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6 Steps to Successfully Onboarding New Hires

6 steps to successfully onboarding new hires

As the saying goes, it’s always important to put your best foot forward. And when it comes to bringing on a new hire, companies must be laser-focused on doing just that — leading with their best effort to ensure that the employee remains engaged and excited about the potential of their new position and the direction of the company they are joining.

To put it plainly, onboarding matters for employee engagement and a company’s bottom line. Consider these statistics:

  • 69% of employees say they are more likely to stay with a company for at least three years after a good onboarding experience, according to C. Tanner.
  • 91% of employees who went through an effective onboarding process felt a strong connection to their new workplace, according to Glassdoor research.
  • Companies with great onboarding practices had 5 times the revenue growth and 1.9 times the profit margin of companies who didn’t do it well, according to the Boston Consulting Group.

Yet, many companies get onboarding wrong. Gallup research found that only 12% of employees believe their organization does a great job at it.

And, let’s face it, the move to remote and hybrid workforces has made it even more difficult to successfully bring on new hires and ensure they’re integrated into the workforce. Now, there are fewer team lunches, water cooler moments, and informal opportunities for workers to get to know their co-workers and become part of the team.

That’s why companies might need to reboot their onboarding process to ensure that all workers — in-person, remote and hybrid — get the welcoming experience they need when they start a new job.

Here are six hallmarks of an effective onboarding process.

1. Don’t confuse it with orientation

Orientation involves filling out paperwork and having lunch with new colleagues during a new colleague’s first few days on the job. That’s not onboarding, as the Society for Human Resource Management notes. Onboarding is an extended process that introduces a new hire to a company and ensures they’re on task. In some organizations, it may last a year and focus on mentorship and performance evaluations.

2. Keep your core values top of mind

Your core values, such as safety, accountability, or teamwork, might be stated in the employee handbook, on your website and even on posters in your breakroom. But it’s also important that they are clearly communicated with your new hires during the onboarding process to ensure they’re on the same page and can begin to exemplify them during their workdays.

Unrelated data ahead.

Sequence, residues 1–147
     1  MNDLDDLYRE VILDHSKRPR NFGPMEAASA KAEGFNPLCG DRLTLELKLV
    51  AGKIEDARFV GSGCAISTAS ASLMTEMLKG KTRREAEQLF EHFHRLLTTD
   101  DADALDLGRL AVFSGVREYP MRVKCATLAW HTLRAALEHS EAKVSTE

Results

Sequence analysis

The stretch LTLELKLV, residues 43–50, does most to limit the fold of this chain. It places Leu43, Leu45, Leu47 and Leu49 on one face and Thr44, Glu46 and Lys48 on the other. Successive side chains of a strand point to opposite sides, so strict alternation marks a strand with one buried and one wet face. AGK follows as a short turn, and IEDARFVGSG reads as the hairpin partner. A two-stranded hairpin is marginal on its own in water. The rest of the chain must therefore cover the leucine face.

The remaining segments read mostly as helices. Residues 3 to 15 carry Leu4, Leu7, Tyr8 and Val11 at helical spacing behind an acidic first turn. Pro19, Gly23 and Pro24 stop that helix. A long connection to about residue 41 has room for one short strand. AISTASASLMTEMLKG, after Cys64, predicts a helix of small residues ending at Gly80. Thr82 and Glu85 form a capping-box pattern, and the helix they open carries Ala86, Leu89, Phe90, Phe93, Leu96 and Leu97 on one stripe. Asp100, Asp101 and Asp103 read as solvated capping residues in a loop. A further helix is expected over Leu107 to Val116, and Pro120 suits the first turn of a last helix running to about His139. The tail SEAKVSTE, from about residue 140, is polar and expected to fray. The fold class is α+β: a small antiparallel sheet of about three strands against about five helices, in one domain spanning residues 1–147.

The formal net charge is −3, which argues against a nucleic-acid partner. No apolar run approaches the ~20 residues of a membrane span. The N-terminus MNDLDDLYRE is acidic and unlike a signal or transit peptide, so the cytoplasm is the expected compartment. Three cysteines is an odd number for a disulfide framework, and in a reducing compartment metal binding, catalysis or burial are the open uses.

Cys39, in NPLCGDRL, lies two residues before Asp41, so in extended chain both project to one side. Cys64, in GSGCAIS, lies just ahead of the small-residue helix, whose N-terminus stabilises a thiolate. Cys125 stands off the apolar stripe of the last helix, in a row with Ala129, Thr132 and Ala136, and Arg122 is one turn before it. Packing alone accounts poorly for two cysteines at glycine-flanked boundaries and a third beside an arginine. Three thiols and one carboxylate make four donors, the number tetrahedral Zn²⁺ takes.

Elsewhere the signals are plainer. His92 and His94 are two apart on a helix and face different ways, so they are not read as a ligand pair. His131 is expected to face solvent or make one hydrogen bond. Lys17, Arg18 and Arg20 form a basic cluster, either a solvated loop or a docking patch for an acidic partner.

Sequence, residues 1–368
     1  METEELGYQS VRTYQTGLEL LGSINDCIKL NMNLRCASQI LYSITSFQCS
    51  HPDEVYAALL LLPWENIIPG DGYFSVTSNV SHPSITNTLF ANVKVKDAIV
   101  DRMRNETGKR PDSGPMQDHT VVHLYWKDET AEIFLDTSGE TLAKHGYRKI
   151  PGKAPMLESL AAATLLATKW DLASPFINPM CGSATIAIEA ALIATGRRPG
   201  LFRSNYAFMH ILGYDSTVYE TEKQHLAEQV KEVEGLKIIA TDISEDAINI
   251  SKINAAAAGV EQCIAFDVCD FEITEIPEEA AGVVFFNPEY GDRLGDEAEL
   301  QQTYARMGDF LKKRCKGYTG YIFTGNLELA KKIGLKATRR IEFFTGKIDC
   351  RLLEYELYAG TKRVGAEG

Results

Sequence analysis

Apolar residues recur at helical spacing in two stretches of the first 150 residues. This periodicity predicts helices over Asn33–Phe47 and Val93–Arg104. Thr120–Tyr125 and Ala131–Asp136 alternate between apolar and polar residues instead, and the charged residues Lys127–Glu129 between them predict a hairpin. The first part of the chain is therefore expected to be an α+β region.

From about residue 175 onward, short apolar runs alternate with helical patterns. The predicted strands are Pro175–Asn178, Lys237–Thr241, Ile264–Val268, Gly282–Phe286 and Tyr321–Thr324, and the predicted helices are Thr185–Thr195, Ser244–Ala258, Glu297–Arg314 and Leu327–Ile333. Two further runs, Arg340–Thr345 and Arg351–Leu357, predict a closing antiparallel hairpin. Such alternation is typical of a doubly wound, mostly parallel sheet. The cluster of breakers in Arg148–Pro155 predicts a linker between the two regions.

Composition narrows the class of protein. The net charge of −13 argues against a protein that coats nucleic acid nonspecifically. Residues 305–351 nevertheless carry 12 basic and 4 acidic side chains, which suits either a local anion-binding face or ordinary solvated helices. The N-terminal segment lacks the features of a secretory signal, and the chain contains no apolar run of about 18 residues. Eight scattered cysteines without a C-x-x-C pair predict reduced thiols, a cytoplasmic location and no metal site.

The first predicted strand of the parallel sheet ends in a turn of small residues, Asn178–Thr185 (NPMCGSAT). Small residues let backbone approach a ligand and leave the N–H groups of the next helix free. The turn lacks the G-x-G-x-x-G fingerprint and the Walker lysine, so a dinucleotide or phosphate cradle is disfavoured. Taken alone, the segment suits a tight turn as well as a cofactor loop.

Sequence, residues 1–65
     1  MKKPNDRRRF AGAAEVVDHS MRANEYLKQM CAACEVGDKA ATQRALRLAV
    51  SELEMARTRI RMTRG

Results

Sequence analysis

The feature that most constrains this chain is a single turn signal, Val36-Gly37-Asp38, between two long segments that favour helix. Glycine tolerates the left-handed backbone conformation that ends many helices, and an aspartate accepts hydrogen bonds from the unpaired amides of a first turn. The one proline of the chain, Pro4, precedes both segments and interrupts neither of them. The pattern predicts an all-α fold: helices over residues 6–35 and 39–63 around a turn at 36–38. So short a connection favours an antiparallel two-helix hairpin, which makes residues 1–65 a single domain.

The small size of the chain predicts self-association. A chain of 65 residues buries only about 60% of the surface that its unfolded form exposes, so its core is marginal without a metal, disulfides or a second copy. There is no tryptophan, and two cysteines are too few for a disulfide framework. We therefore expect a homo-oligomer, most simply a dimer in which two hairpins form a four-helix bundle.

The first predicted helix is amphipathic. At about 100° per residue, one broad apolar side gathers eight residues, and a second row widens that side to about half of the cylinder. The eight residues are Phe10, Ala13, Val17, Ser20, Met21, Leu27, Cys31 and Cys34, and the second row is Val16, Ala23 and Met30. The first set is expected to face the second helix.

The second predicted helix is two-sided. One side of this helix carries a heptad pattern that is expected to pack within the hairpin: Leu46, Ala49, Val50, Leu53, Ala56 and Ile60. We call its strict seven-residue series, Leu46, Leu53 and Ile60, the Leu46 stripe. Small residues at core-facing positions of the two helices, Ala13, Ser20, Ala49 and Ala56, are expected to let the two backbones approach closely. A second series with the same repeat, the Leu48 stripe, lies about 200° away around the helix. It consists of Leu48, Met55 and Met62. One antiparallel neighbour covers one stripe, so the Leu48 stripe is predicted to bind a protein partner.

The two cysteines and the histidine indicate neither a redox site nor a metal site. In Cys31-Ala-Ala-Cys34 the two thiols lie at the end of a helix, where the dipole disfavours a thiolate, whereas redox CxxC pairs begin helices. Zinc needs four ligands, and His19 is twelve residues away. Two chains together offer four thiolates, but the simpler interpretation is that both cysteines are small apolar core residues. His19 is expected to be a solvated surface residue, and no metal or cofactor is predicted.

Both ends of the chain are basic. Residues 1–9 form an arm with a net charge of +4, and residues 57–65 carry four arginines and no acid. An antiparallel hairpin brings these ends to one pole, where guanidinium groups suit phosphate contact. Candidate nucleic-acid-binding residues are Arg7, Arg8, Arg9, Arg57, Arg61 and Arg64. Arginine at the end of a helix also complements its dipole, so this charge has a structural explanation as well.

Forbes offers tips for communicating core values to new hires. They include tying each value to the new hire’s actionable job duties and leveraging video to ensure all employees, whether remote or in-person, have the same opportunity to fully understand the organization’s guiding principles.

3. Focus on the top five responsibilities

Job descriptions are important, but when it comes to onboarding, we find it helpful to focus on a new hires’ top five job responsibilities. So, for example, with a foreman, you might be measuring safety, quality, production, management, and teamwork. Setting those top five responsibilities from the outset helps people succeed because they know exact expectations and how their performance is measured.

4. Tell them who to call

A new hire will flail when they run into a hurdle and don’t know who to call. When questions are left unanswered, employees end up frustrated. During the onboarding process, lay out the organizational structure and introduce new hires virtually or in-person to the team leaders with whom they’ll be interacting.

5. Assign a champion 

Every employee needs a champion, mentor, or key colleague to go to, especially during their first few months to year on the job. This is even more critical as organizations move to remote and hybrid teams. During the onboarding process, assign new hires to a more seasoned employee who can meet with them regularly, online or in-person, and ensure that they’re on track and remain connected and engaged with the work.

6. Schedule regular check-ins

Human resources managers or supervisors should schedule check-ins with new hires after the first 30 days, three months, and one year. Two-way dialogue is a must during these conversations. Managers should come prepared to talk about the worker’s progress so far. The employee should be ready to share what they need to be successful.

And, at the end of the day, that’s what onboarding is all about: ensuring that your new hires become successful and experienced employees who remain engaged in their work. Without that, it will be hard to drive business forward.



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